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Ball Don't Lie

The 10-man rotation, starring how Danny Green keeps getting open from 3-point range

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Danny Green has all day. (Noah Graham/NBAE/Getty Images)

A look around the league and the Web that covers it. It's also important to note that the rotation order and starting nods aren't always listed in order of importance. That's for you, dear reader, to figure out.

C: SB Nation, Eye on Basketball and The Point Forward. Maybe, like Tony Parker, you're wondering how Danny Green keeps getting such wide-open looks from 3-point range this late in his record-setting NBA Finals. Mike Prada, Zach Harper and Rob Mahoney each went back over Green's shots in search of the answer.

PF: TrueHoop. I dug this riff on how randomness, luck and the unforeseen have impacted, are impacting and will impact the NBA Finals, and not just because I personally have no idea what the hell's going to happen from night to night when the San Antonio Spurs and Miami Heat play (which, incidentally, is what's making this so fun).

SF: HoopSpeak. With Monta Ellis reportedly (and unsurprisingly) poised to opt out of the final year of his contract with the Milwaukee Bucks to pursue greener pastures in unrestricted free agency, let's revisit this fun thought experiment Ryan Weisert explored last week — what if, instead of being determined to "have it all," Monta just stopped shooting 3-pointers entirely?

SG: The Shadow League. I'm using a context-appropriate late pass to recommend checking out Khalid Salaam's column arguing that basketball fans on the whole don't appreciate what Manu Ginobili does and can do quite as much as we should because he isn't black. Whether you agree or disagree, it's an interesting lens through which to view this particular element of the annual "Why don't we care about the San Antonio Spurs?" debate and you might come away with a different perspective on where Manu slots in among the wing scoring peers of his generation.

PG: GQ. Friend of the program Bethlehem Shoals on the Spurs becoming Tony Parker's team and how both the squad and its leader make the fantastical seem mundane: "Are miracles just a matter of context or are we numb to them if they're happening all around?"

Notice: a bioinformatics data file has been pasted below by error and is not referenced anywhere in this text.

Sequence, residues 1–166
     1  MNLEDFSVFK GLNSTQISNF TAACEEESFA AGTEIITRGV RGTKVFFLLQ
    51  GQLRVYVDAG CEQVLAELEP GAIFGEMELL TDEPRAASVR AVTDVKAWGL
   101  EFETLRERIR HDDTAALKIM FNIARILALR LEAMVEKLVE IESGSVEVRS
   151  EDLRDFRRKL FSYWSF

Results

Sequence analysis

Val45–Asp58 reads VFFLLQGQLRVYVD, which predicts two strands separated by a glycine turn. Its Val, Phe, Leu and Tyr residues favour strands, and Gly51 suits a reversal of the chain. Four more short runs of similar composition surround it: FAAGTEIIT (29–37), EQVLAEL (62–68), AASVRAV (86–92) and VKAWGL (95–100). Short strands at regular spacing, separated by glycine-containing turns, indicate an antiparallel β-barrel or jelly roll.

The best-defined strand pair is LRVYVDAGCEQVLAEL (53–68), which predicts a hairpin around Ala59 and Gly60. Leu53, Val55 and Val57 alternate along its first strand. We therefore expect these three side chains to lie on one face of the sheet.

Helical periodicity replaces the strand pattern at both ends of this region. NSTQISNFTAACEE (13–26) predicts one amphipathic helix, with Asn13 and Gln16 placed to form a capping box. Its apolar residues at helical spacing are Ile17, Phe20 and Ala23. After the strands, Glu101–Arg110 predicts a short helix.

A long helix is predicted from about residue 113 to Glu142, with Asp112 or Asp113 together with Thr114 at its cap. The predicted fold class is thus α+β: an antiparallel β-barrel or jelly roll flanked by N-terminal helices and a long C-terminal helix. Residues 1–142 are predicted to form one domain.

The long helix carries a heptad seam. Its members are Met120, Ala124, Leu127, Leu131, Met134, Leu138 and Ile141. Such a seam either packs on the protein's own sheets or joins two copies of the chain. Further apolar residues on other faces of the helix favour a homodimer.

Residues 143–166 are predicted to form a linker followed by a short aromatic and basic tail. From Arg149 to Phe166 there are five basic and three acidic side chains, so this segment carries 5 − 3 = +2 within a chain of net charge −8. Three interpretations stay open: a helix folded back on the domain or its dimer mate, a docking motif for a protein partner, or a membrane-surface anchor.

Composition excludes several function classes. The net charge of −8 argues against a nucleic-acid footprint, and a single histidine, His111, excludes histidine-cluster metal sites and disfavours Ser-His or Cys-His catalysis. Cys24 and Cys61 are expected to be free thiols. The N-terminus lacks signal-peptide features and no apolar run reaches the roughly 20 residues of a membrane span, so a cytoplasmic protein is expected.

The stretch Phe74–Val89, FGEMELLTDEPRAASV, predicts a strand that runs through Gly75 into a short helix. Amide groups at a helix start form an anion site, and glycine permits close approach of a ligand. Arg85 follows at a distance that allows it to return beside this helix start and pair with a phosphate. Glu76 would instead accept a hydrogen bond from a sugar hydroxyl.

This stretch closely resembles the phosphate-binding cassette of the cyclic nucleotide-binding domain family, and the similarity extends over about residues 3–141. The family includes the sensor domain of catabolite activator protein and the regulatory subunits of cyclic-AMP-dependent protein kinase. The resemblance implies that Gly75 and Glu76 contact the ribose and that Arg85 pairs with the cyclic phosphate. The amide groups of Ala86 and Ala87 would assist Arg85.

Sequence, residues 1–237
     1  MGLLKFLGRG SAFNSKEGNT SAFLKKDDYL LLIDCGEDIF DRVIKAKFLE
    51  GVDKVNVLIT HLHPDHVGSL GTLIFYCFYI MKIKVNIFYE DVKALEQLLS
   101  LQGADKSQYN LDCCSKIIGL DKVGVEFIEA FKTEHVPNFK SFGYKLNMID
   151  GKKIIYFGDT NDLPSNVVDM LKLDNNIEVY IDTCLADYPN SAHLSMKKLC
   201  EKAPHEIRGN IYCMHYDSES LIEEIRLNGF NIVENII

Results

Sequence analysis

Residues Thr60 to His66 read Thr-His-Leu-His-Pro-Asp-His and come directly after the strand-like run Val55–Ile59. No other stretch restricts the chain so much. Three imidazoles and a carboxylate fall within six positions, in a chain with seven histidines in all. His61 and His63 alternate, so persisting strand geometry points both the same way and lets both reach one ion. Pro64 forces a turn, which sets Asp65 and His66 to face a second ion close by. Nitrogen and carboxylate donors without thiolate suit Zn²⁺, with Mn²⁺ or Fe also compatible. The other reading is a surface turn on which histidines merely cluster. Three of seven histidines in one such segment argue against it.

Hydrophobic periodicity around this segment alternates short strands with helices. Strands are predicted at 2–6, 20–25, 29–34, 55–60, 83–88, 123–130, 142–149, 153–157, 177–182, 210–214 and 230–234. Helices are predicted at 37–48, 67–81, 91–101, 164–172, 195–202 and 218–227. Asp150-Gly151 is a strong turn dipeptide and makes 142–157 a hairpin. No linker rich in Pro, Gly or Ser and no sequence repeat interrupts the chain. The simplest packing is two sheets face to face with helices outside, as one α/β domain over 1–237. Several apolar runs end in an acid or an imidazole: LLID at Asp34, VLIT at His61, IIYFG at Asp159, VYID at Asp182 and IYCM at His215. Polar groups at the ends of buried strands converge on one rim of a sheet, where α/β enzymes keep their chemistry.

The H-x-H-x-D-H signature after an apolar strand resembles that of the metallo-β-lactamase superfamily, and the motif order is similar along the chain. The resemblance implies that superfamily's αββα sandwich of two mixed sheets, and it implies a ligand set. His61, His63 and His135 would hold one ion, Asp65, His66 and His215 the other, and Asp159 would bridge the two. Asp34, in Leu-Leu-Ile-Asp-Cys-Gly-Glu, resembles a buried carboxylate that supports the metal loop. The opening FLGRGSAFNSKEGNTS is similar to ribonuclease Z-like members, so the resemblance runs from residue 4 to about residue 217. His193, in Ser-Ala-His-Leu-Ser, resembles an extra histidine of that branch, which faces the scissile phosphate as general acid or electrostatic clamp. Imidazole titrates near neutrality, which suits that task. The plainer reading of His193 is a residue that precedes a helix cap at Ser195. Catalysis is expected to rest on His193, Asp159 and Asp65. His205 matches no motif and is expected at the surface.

6th: Daily Thunder. Royce Young identifies the one player whose status and summer might determine the future of the Oklahoma City Thunder in both the short- and long-terms, and no, it's not an off-the-crutches Russell Westbrook: "If the Thunder think Jeremy Lamb is the real deal, and more importantly think he’s ready, the Thunder don’t need Kevin Martin, and they should focus entirely on drafting big."

7th: The National Post. Eric Koreen catches up with the mothers of Spurs guard Cory Joseph and Heat center Joel Anthony — who are just the second set of Canadians to appear on opposing sides of an NBA Finals series, joining Rick Fox and Todd MacCulloch, who did so twice — about their paths to the championship round. My favorite part? Erene Anthony's memories about what Joel would have done had a professional basketball career not been an option.

8th: Sports Illustrated. A smart post-Game 5 read from Chris Mannix about how the continued struggles of the point-guard tandem of Mario Chalmers and Norris Cole are killing the Heat.

9th: Grantland. George Gervin tells Zach Lowe about how "nobody ate on Ice" and man, that is just such a great turn of phrase that you have to go find out what the hell it means.

10th: ESPN New York. Jared Zwerling catches up with Reggie Evans for a Father's-Day-themed piece in which the Brooklyn Nets power forward talks about strengthening his bond with his three children and rebuilding his relationship with his father, who spent parts of Evans' youth incarcerated for selling drugs.

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